A man who has been on hunger strike in front of the Criminal Court for the past three days to demand the release of detained activists has been arrested on charges under the lèse majesté law and the Computer Crimes Act.
Mongkhon Thirakot, 27, came from Chiang Rai on 12 April to join the hunger strike while sitting in front of the Criminal Court on Ratchadaphisek Road, Bangkok, to demand the release of activists currently detained pending trial and denied bail. He said that he felt it was unfair that the court has yet to issue a verdict on the activists’ case but has already detained them, so he wanted to demand their release so that they would have the chance to fight their case.
Mongkhon said that when he arrived at the Criminal Court at around 5.00 – 6.00 on 12 April, court officials came to place metal barriers in front of the Criminal Court sign and told him that his action might be considered contempt of court, so he went to sit just next to the sign. Several officers also came to ask for his personal information, as well as questioning him on whether he is involved with drugs, what his intentions are, and how long he intends to stay. They also asked to search his belongings. An officer also later told him that a ‘higher-up’ in the Court is unhappy and would like him to go away, but he insisted on staying where he was and told the officers that they could arrest him if he is doing anything wrong.
He also said that later that morning, a group of uniformed and plainclothes police officers from Phaholyothin Police Station, along with some officers dressed like a commando unit, arrived to question him for another hour. He said that police and court officers periodically came to ask him the same questions over and over. Some officers offered to buy him food and drink, and some offered to find him a place to stay so that he would leave the area in front of the court.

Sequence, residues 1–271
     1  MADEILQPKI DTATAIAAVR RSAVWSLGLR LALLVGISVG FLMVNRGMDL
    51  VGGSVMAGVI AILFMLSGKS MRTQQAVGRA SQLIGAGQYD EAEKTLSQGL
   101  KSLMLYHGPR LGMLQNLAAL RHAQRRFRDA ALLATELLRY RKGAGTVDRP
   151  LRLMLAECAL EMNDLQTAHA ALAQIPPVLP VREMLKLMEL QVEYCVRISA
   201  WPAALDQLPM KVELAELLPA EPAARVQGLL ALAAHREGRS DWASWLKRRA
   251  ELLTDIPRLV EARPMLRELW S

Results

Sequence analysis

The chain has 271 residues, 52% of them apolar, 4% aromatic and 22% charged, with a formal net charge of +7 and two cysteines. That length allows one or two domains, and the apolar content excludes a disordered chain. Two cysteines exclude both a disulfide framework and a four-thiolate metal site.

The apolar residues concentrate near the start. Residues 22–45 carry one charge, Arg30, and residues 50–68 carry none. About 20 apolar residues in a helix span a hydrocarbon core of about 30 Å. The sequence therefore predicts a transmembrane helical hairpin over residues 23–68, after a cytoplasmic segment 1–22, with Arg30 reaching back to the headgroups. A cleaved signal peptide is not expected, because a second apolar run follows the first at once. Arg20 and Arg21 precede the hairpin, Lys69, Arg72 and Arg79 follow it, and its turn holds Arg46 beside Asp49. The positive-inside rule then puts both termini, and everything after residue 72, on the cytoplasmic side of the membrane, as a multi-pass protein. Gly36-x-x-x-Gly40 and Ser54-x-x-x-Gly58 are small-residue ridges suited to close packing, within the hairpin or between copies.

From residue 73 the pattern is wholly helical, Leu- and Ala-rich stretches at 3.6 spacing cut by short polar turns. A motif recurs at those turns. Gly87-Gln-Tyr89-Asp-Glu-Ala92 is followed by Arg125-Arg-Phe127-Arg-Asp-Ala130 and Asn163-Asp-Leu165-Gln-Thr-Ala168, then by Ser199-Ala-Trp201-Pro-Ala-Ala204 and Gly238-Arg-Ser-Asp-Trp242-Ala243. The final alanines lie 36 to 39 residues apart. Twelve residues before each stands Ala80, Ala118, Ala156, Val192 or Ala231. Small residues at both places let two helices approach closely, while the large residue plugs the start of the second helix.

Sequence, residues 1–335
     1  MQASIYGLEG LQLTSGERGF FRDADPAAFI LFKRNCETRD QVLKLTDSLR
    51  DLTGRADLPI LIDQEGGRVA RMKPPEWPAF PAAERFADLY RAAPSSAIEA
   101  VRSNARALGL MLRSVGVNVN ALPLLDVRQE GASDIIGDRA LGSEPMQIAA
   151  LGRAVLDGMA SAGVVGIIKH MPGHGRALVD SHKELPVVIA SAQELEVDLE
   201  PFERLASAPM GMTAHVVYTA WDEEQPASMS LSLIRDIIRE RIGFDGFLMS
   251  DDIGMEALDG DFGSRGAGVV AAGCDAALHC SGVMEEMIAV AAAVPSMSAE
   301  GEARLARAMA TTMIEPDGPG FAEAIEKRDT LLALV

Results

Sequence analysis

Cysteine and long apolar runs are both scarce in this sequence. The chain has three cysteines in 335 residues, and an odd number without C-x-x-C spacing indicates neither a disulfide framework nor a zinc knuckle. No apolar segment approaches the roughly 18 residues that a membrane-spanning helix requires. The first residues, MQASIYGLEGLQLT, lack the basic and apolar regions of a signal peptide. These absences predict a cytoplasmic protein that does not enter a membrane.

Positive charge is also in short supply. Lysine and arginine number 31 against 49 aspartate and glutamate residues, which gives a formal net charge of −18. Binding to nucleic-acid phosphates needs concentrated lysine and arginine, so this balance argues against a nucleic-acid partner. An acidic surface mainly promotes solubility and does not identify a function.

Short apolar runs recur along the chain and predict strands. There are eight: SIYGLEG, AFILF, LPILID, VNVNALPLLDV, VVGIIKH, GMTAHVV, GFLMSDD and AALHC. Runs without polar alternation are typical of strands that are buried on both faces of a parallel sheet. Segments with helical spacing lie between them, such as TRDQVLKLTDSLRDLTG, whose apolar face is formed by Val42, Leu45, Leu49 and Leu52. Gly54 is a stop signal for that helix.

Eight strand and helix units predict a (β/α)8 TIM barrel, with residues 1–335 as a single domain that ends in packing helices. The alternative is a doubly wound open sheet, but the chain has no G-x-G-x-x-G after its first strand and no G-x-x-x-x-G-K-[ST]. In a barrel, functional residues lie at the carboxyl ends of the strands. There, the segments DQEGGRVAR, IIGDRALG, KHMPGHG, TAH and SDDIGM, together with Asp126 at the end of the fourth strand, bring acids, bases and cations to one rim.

A large number of officers also returned the next day as a few people began to gather at the Criminal Court to support Mongkhon, along with members of the press who came to cover his hunger strike. Mongkhon said that both court police and officers from Phaholyothin Police Station were present in the area, and that 5 police trucks and a number of motorcycles were parked near where he was staying, which caused him concern.
Mongkhon said he went to ask the police why they had to bring so many officers and whether it was because there were reporters in the area. The officers told him that they were “keeping people safe.” He then told the officers that this is unnecessary, as they were treating his activity like a protest even though there were only three people and they were not doing anything but sitting there.
At 13.20 on 14 April, Mongkhon was arrested by police officers from Phaholyothin Police Station. The officers presented an arrest warrant from Phan Police Station in Chiang Rai, which stated that he was being charged under Section 112, or the lèse majesté law, and the Computer Crimes Act.
Thai Lawyers for Human Rights (TLHR) reported that, at 14.00, after he was taken to Phaholyothin Police Station to record his arrest, Mongkol was taken to Chiang Rai.
TLHR later reported that police officers from the Muang Chiang Rai Police Station went to search Mongkhon’s house this morning (14 April). The officers presented a search warrant to Mongkhon’s parents, but Mongkhon, who was also with the officers during the search, did not see the warrant and did not know whether anything was confiscated.